Imagine not knowing where your next meal comes from. In the Tar Heel state, a good amount of North Carolinians know this feeling all too well. According to Christine Byrd, Director of Development and Communication at Greensboro Urban Ministries, North Carolina ranks in the top ten in the nation for food insecurity, and in the Triad, is even worse.

"Our area, the Piedmont Triad area, ranks number 4 nationally in terms of metropolitan areas with food insecurity," Byrd said.

Greensboro Urban Ministry is a nonprofit that provides food for people in the North Carolina Triad area. Right now, the group said it serves an average of 430 meals per day, but if federal funding runs out because of the government shutdown, the organization believes the demand could increase up to 20 times that amount.

"Very simply put there is no way we can increase our services at that amount," Byrd said.

Even though non-profits help people in the community, the government plays a bigger role in terms of feeding the needy.

"Out of 24 bags of groceries that may be given to people in need, only one of those bags is provided by a non-profit agency," Byrd said.

The other 23 bags of food are provided by funding through federal programs, such and SNAP (Supplemental Nutritional Assistance Program) and WIC (Women Infants and Children).

Women Infants and Children, is one program that will be affected if the government shutdown continues. That could mean less food options for some people in North Carolina.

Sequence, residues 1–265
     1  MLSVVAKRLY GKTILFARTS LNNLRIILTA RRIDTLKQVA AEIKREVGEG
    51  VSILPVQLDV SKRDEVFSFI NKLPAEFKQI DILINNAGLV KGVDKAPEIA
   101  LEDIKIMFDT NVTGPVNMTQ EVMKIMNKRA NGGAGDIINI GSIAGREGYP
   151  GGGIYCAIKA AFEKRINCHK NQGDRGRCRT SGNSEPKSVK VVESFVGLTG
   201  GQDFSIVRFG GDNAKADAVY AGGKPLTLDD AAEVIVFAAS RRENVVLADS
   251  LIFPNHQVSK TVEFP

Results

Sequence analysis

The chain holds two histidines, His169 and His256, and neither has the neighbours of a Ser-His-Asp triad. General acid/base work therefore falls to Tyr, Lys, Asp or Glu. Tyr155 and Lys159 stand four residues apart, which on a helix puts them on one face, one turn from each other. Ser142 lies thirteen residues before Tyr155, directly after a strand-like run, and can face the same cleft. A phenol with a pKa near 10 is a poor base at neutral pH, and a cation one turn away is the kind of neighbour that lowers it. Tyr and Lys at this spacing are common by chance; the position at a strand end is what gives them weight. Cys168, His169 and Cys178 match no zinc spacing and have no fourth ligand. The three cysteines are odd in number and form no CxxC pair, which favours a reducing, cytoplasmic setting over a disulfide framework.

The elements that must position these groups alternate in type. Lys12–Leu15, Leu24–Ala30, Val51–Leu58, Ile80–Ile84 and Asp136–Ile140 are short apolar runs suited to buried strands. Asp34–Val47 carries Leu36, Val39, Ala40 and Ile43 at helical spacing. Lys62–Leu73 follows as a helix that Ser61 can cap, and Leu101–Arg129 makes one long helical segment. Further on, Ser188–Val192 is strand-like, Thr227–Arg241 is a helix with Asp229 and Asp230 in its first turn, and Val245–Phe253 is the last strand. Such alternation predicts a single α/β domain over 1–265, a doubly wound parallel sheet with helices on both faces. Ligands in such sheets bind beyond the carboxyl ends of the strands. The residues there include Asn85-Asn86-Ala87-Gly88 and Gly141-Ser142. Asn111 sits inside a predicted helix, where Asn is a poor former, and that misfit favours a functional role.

"To be frank with you, it's pissing me off," said Nikki Darmon, a Burlington native. "I hate to use those type of words, but the people out here shouldn't have to suffer for what the government is doing."

If the government remains shut down, local Burlington residents like Darmon are worried that local food banks won't be enough. Her 19-year old daughter is a member of WIC and has two infant children.

"You got to find some way of feeding your child," Darmon said. "You don't know what people are going to result to."

Greensboro Urban Ministries has already received calls from concerned mothers with WIC who are worried their vouchers will not come next month if the government remains shut down.

In response to the increase in interest, Christine Byrd released this statement:

"We have been blessed by the support of the local community. Financial contributions have allowed our organization to purchase food when our pantries are bare meaning that we have yet to turn anyone away who is seeking assistance. However, if the shutdown continues, we likely will not be able to meet the 2400% increase in demand that we will see. We will certainly do our best to provide for as many individuals as possible; however, the demand will be epic in proportion."


On Tuesday Oct. 8, North Carolina's Special Supplemental Nutrition Program for Women, Infants and Children became a casualty of the government shutdown.

In a news release today, the agency announced that it will not continue it's benefits. The Department of Health and Human Services said 80 percent of eligible participants in the program have already received their benefits for October. Vouchers for the WIC program will work through October, but the federal government will not provide supplemental funding.

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